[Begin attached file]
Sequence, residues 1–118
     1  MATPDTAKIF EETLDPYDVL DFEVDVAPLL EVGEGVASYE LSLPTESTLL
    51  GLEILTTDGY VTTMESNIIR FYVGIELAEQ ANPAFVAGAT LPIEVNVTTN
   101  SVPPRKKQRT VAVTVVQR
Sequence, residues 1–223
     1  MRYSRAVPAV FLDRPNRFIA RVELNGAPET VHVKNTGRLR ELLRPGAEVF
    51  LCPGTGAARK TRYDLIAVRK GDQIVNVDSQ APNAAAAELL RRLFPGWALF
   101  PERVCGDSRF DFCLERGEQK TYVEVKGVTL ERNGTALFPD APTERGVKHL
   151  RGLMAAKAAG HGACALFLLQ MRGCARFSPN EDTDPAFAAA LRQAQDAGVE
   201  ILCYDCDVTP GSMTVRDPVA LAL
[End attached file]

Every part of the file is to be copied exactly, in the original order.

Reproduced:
Sequence, residues 1–118
     1  MATPDTAKIF EETLDPYDVL DFEVDVAPLL EVGEGVASYE LSLPTESTLL
    51  GLEILTTDGY VTTMESNIIR FYVGIELAEQ ANPAFVAGAT LPIEVNVTTN
   101  SVPPRKKQRT VAVTVVQR
Sequence, residues 1–223
     1  MRYSRAVPAV FLDRPNRFIA RVELNGAPET VHVKNTGRLR ELLRPGAEVF
    51  LCPGTGAARK TRYDLIAVRK GDQIVNVDSQ APNAAAAELL RRLFPGWALF
   101  PERVCGDSRF DFCLERGEQK TYVEVKGVTL ERNGTALFPD APTERGVKHL
   151  RGLMAAKAAG HGACALFLLQ MRGCARFSPN EDTDPAFAAA LRQAQDAGVE
   201  ILCYDCDVTP GSMTVRDPVA LAL